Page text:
Hurricane Relief for Honduras & Nicaragua

This evening (Monday, November 16, 2020), hurricane Iota is expected to make landfall on the Caribbean coast of Central America. The category 5 storm is predicted to cause “catastrophic” damage to a region that is already historically marginalized and impoverished. To exacerbate matters, this region is still only beginning to recover from hurricane Eta, which hit the exact same area 2 weeks ago, not to mention the problems that the covid-19 pandemic has brought to the area over the last several months.
For those who were understandably engulfed in coverage of the U.S. presidential elections and perhaps missed the news, hurricane Eta made landfall near the Nicaraguan indigenous Miskitu village of Wawa Bar on Tuesday, November 3. The category 4 storm caused massive devastation in both Honduras and Nicaragua, and triggered flooding and mudslides throughout the region.
For those who do not know, I have spent extensive time in this exact part of Central America. I began traveling to the Caribbean coast of Central America in 2016 and between January 2017 and December 2019, I spent over 2 years in the region conducting ethnographic fieldwork for my dissertation. In the process, I grew to consider so many people in the region to be among my closest friends. Over the past two weeks, my phone has been inundated with texts and calls from friends who have lost homes, fishing boats, livestock, etc. due to hurricane Eta. As the region is now attempting to brace for an even more intense storm, I am deeply concerned for the wellbeing of so many close friends and devastated by the massive suffering hurricane Iota will inevitably cause.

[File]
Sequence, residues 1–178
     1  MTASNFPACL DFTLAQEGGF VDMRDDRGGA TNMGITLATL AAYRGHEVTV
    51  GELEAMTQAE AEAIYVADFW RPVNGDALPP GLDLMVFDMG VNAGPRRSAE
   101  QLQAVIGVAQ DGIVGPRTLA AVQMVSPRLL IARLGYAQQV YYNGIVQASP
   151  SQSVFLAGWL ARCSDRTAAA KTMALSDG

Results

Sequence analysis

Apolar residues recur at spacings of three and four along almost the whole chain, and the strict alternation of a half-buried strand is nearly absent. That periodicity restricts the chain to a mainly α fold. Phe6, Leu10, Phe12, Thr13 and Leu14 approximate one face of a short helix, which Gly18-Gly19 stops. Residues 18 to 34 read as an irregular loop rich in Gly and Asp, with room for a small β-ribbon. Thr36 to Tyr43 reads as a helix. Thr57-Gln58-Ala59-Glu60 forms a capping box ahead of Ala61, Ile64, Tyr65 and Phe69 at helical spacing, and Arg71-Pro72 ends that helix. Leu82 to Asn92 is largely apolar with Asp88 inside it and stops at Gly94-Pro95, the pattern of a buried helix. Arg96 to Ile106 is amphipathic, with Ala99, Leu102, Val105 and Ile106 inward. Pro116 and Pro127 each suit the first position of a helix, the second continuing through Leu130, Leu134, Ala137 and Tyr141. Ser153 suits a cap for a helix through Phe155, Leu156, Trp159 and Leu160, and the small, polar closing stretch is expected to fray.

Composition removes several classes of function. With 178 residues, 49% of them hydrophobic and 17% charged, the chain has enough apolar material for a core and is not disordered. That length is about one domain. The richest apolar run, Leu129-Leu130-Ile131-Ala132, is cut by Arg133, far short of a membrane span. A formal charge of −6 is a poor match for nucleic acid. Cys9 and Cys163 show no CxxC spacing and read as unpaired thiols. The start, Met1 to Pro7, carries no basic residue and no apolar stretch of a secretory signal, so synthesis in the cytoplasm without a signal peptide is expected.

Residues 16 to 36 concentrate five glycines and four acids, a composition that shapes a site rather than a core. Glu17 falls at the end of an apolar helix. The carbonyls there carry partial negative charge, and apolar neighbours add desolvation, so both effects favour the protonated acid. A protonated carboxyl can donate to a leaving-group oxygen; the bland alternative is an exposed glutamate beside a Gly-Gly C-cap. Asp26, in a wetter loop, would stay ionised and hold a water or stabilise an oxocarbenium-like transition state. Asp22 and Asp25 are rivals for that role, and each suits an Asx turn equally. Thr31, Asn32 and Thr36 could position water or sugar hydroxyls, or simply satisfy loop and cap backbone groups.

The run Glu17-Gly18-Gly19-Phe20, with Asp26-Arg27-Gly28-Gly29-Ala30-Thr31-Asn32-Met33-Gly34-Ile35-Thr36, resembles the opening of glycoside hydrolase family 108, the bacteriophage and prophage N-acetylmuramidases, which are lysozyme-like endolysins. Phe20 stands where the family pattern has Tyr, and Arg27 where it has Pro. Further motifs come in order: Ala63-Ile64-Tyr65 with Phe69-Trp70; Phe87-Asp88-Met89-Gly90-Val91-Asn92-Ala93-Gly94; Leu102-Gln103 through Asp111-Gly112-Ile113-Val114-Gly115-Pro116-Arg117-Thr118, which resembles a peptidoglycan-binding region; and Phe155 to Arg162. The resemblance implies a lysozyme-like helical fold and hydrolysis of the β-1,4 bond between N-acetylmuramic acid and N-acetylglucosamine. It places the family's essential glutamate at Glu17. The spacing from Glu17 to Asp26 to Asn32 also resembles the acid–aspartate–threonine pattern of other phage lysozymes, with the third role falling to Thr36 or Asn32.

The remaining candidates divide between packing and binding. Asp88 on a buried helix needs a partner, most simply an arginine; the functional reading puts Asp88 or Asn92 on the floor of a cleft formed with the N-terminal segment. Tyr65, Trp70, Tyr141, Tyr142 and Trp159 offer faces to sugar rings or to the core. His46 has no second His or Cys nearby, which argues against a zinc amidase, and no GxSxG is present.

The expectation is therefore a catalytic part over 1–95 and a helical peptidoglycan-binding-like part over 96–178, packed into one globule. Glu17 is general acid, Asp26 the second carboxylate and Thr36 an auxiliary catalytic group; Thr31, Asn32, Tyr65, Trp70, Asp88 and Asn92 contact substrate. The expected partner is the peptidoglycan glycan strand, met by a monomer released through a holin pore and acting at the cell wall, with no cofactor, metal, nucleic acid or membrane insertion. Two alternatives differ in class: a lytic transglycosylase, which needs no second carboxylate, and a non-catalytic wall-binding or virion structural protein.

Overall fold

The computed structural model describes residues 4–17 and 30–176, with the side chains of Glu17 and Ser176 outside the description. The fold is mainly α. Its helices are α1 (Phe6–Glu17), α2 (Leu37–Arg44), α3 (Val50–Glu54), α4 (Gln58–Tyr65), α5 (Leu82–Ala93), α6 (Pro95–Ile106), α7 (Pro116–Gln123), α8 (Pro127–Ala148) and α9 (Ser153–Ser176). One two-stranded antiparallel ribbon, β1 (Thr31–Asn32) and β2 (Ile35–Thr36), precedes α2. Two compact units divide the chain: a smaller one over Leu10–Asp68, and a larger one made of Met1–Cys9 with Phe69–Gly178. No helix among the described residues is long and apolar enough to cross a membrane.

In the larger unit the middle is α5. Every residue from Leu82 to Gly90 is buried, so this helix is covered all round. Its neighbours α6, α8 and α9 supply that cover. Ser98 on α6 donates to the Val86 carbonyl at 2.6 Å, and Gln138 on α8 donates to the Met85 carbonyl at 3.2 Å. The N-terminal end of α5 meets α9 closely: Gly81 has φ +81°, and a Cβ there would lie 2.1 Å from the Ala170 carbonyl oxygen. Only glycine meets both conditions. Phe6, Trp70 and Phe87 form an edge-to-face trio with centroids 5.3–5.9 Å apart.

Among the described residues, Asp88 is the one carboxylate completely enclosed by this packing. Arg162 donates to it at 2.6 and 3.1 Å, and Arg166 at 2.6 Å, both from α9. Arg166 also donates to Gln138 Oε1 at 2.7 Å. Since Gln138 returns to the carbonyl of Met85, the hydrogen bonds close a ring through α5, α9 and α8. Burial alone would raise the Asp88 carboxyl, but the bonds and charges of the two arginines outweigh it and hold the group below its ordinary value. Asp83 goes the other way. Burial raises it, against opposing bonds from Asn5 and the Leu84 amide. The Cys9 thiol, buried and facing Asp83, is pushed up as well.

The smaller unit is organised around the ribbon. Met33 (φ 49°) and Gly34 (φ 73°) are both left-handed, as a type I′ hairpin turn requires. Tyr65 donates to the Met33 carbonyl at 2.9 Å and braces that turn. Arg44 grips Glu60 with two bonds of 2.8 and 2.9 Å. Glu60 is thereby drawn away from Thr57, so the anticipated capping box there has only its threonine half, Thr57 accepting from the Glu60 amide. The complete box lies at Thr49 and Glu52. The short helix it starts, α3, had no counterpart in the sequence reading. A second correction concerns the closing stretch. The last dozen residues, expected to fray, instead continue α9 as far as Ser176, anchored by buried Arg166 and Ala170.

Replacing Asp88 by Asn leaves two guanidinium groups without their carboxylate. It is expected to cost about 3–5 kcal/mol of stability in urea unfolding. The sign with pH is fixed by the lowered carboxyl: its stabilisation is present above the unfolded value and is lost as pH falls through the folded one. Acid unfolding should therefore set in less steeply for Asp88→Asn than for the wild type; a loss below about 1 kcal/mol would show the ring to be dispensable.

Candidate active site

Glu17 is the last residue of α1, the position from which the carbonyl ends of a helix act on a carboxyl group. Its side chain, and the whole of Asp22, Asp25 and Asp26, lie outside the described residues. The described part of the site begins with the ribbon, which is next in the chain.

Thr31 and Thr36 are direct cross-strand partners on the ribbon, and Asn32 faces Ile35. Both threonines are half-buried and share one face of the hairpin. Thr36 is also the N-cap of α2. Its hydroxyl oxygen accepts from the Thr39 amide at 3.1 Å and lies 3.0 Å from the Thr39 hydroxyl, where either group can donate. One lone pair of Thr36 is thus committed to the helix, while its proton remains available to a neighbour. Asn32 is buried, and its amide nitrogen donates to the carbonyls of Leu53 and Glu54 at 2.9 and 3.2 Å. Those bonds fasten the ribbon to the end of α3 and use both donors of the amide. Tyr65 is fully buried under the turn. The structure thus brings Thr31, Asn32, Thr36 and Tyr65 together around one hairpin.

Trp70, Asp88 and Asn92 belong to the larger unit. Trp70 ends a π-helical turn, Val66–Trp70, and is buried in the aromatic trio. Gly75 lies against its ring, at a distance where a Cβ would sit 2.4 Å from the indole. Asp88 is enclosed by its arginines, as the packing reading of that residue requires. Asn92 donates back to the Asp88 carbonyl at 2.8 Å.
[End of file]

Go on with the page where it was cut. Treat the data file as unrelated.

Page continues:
In the aftermath of hurricane Eta, I sent small amounts of money to help friends in need and also organized emergency relief efforts for the most impacted populations. This aid was distributed with the help of numerous trusted local contacts in both Puerto Cabezas, Nicaragua and Puerto Lempira, Honduras who were able to rapidly get funds to pay for shelter, food, clean water, etc to those who desperately needed it after the storm. In response to the looming destruction of hurricane Iota, I plan to again leverage my network of trusted locals to get relief funds to those who need them most in the most efficient way possible.

I will continue to update the pictures, but below is evidence of the destruction that was caused by hurricane Eta, the current conditions on the ground as hurricane Iota approaches land, and pictures of a few of the relief efforts I organized post-Eta.

I also included a few photos from when I was in the region; words really cannot express the natural beauty of the area and incredible people that live there.

In the wake of hurricanes Eta & Iota

Photos from before the pandemic & the storms...
Distribution of aid: 
I will be taking out the donations in my name and sending them (via Western Union, Moneygram, local banks) to my network of trusted friends who will then distribute aid on the ground. GoFundMe wants me to be explicit about the fact that the funds will be withdrawn to my account. I will then post evidence of the money being sent to Honduras and Nicaragua.


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  • kristine langdon 
    • $100 
    • 3 hrs
  • Stephanie Leach 
    • $50 
    • 3 d
  • Scott McAllister 
    • $50 
    • 8 d
  • Anonymous 
    • $25 
    • 10 d
  • Katie Friberg 
    • $100 
    • 10 d
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Laura Blume 
Reno, NV
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